architecture, belvedere, eyecatcher, Folly, garden history, landscape, Nottinghamshire, Summerhouse

Radford Folly, Nottingham, Nottinghamshire

In the mid-19th century, the inhabitants of the rapidly-expanding town of Nottingham could spend their leisure hours at the Radford Grove Tavern and Tea Gardens. Here they could row on the lake, attend dances, and admire the view from the roof of a very pretty ‘Octagonal Pleasure House’.

The ‘delightful place of public resort’ started life as the gardens of William Elliott (1707-1792), a successful dyer and hosier, who created the small estate as a suburban retreat towards the end of the 18th century. By 1783 the Villa’s grounds were admired for their ability to ‘induce the smile and create admiration’. In 1790 the Nottinghamshire historian Throsby called Elliott’s grounds a ‘little paradise’ where ‘almost everything you could wish to see in extensive pleasure grounds, you see here in miniature’. Throsby noted the water, planting and temples before concluding that ‘this place must be delectable to the owner’.

Sometime after Elliott’s death in 1792 the pleasure grounds were opened to the public as a commercial undertaking, and the name Radford Folly became attached to the summerhouse and also the whole attraction. Radford was a village about a mile out of Nottingham, so the pleasure grounds were easily accessible to the townsfolk. The earliest known view is in The Stranger’s Guide through the Town of Nottingham (above), published in 1827. The engraving shows the lake and summerhouse, and the recently rebuilt church of St Peter to the left. The smoke from the factories, from whence workers flocked to the gardens to relax, can also be seen. (These working-class revellers were dismissed rather haughtily by a writer in 1836: he commented that their ‘dances are supported with spirit, at least, if not with gentility and grace’.)

The summerhouse stood on an island in the lake, which was accessed via an ‘elegant Chinese bridge’ From the ‘observatory’ that topped the summerhouse there were extensive views of the town and surrounding countryside, including the magnificent mansion and park at Wollaton, the seat of Lord Middleton. Engravings of the gardens were in circulation, and a view of the folly and bridge featured on items of chinaware.

Mid 19th century plate featuring the folly. Sold by David Duggleby Auctioneers, Scarborough, July 2021. The view is after an illustration by Thomas Allom from Noble & Roses’s ‘The Counties of Chester, Derby, Nottingham, Leicester, Lincoln  and Rutland’, 1836. Photo courtesy of David Duggleby Auctioneers & Valuers, Scarborough.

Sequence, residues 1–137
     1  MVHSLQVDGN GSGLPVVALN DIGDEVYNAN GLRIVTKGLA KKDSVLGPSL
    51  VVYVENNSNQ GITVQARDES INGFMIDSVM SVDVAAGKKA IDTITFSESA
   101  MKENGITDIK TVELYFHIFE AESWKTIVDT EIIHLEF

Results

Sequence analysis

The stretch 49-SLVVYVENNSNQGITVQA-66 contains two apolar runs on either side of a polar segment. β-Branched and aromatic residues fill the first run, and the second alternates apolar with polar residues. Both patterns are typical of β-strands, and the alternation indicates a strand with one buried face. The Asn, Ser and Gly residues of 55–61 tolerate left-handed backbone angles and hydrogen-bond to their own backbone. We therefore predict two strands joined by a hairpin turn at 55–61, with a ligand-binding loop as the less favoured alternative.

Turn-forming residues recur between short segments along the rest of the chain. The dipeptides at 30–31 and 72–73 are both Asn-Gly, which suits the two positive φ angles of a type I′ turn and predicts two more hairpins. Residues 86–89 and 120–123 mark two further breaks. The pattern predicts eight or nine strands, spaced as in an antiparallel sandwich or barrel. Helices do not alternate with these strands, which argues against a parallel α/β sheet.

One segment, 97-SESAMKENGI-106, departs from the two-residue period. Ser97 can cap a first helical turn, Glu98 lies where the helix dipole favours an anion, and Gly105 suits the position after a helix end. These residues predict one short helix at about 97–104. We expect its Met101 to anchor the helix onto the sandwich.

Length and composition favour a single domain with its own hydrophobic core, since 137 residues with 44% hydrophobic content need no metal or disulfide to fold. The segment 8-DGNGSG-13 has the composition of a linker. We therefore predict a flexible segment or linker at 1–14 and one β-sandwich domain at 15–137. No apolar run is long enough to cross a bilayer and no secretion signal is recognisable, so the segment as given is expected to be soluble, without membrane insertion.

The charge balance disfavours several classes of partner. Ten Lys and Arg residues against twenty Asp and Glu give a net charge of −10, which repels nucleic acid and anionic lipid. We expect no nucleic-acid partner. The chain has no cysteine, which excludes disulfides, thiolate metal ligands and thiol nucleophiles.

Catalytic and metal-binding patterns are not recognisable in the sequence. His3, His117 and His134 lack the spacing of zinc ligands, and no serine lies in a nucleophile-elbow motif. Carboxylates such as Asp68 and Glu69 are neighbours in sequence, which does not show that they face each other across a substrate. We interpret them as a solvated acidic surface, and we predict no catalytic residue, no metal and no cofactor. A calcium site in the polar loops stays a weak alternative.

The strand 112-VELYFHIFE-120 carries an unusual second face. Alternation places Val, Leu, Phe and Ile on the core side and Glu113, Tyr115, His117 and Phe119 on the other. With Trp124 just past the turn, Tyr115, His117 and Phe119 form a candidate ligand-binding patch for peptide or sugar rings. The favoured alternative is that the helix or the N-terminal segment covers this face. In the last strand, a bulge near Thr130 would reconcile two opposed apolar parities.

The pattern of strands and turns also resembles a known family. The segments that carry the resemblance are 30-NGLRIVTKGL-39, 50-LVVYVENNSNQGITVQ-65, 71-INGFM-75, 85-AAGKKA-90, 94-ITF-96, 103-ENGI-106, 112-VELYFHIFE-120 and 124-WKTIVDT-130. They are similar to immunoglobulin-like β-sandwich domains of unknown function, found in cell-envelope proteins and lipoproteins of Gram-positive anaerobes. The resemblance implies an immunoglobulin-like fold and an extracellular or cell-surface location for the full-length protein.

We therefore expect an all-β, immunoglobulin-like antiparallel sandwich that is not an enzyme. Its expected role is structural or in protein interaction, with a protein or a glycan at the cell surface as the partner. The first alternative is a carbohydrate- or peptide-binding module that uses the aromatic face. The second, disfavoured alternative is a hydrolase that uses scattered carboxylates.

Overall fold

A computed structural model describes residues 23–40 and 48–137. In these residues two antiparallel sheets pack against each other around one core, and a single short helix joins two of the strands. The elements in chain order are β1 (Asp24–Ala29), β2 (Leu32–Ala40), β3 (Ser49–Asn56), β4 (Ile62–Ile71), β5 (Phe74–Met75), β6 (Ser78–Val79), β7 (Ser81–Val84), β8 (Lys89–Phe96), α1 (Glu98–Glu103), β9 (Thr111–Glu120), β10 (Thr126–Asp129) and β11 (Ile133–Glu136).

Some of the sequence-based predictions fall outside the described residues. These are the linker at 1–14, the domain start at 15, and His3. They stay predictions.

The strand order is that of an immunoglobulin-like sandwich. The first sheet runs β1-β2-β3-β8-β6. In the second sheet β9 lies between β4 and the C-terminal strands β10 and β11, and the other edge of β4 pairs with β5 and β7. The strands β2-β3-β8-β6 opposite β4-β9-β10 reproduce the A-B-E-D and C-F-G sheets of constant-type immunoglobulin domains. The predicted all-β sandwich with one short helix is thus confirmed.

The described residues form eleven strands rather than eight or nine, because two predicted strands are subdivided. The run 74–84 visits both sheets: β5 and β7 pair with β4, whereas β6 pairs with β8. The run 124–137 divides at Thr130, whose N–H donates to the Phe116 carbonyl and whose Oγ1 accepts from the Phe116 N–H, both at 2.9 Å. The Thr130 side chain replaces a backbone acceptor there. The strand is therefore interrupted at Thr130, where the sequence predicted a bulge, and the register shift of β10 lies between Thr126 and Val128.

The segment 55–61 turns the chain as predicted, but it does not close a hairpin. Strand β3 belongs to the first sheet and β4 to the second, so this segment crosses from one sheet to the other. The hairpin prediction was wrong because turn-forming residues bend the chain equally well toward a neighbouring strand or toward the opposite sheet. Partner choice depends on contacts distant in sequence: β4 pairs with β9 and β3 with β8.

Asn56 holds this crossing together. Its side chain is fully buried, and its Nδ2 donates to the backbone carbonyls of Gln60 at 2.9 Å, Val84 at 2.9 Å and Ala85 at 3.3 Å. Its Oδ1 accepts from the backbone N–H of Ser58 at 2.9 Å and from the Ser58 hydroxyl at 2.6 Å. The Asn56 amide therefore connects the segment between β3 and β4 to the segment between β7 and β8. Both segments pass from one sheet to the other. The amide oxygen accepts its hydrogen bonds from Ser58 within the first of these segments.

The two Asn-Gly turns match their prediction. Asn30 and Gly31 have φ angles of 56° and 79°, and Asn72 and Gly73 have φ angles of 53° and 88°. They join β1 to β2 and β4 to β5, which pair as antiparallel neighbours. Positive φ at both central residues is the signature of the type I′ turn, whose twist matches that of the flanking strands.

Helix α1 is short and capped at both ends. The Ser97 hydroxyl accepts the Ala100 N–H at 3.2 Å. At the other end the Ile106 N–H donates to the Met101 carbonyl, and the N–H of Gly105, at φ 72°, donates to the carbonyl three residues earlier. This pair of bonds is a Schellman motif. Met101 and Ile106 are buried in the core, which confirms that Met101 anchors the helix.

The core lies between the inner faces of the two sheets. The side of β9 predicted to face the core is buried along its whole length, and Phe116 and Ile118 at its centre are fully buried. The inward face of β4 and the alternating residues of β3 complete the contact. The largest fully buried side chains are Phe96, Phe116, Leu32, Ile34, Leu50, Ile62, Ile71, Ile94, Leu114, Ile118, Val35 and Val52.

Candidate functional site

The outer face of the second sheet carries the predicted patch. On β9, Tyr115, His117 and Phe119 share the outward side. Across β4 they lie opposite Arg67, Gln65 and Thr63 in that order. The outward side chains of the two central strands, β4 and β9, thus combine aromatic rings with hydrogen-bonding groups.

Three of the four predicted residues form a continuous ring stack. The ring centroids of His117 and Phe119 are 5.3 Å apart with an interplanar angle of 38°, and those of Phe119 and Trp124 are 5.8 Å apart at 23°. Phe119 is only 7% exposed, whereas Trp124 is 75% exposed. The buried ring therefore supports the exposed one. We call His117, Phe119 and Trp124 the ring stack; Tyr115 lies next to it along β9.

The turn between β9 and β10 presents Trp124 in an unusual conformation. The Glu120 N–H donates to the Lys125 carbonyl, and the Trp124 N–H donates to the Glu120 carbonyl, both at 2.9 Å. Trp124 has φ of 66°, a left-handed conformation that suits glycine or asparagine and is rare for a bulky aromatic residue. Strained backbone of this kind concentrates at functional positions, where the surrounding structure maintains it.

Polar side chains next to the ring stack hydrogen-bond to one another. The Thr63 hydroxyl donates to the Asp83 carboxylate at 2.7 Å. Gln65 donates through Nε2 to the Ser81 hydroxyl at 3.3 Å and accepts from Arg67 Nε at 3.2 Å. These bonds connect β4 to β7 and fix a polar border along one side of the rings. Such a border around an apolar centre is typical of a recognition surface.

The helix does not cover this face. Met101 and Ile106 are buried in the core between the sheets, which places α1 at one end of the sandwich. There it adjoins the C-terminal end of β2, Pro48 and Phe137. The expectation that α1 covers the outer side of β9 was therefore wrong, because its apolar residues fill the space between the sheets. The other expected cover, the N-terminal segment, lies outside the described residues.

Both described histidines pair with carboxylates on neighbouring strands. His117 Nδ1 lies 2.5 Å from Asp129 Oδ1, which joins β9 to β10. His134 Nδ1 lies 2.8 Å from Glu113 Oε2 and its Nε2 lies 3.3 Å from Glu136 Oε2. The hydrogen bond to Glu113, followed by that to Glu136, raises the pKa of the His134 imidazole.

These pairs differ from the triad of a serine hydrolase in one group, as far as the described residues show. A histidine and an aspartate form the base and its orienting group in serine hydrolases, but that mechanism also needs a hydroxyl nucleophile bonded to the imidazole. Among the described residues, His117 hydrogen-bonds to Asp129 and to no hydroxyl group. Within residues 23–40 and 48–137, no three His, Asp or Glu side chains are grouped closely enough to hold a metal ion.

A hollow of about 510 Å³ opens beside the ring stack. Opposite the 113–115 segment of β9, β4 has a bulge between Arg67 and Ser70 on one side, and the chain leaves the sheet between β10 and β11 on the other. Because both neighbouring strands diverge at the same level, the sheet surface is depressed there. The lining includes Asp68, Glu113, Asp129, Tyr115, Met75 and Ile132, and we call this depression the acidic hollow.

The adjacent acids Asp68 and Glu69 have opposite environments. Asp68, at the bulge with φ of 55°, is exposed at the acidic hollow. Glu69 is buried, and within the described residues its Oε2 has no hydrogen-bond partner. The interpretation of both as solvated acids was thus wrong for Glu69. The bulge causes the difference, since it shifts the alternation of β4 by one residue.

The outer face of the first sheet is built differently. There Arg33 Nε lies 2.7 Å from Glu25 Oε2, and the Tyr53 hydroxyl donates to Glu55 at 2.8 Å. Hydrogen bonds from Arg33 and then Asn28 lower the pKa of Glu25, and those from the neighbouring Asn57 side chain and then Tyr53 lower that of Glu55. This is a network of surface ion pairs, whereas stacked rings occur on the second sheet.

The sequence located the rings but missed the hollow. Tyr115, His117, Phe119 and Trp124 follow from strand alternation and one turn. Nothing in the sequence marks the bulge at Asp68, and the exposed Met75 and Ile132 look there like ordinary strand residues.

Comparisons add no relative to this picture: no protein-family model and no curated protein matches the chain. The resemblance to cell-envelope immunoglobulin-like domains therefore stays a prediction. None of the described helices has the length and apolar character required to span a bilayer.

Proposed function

Refreshments were served in the gardens (although strictly no beer or spirits on a Sunday), and visitors could relax in the beautiful gardens where there were ‘numerous bowers and seats’. Cashing in on the changing seasons, the proprietors, of which there were a number over the years, opened the gardens for ice-skating in winter when conditions allowed.

A pair of Rockingham Pottery ‘stork-handled’ vases featuring Chatsworth and Radford Folly, both taken from Allom’s drawings as above. Image from Dennis G. Rice’s comprehensive ‘Rockingham Pottery and Porcelain’, 1971.

The gardens were at their most popular from around 1820-1870 (although the house did return to being a private residence for a period), when attractions included a firework display by Mr Gyngell from the ‘Royal Gardens, Vauxhall, patronised by the King’. In 1839 there was ‘ANOTHER GRAND TREAT’ with transparencies (painted sheets illuminated from behind) showing the eruption of Mount Vesuvius and fireworks, which display was ‘on a scale of UNPRECEDENTED MAGNIFICENCE’.

In 1863 John Poole took over the gardens and hired the famous funambulist Blondin, who crossed the lake on a high wire. Actors, musicians and magicians performed in the gardens and there were further illuminated tableaux, but Poole couldn’t make ends meet and he was adjudicated bankrupt in May 1865. And that seems to have been the end of the pleasure gardens.

The dilapidated remnants of the folly in 1928, as illustrated in J. Holland Walker’s ‘Links with Old Nottingham’, which was reprinted from the ‘Nottingham Evening News’.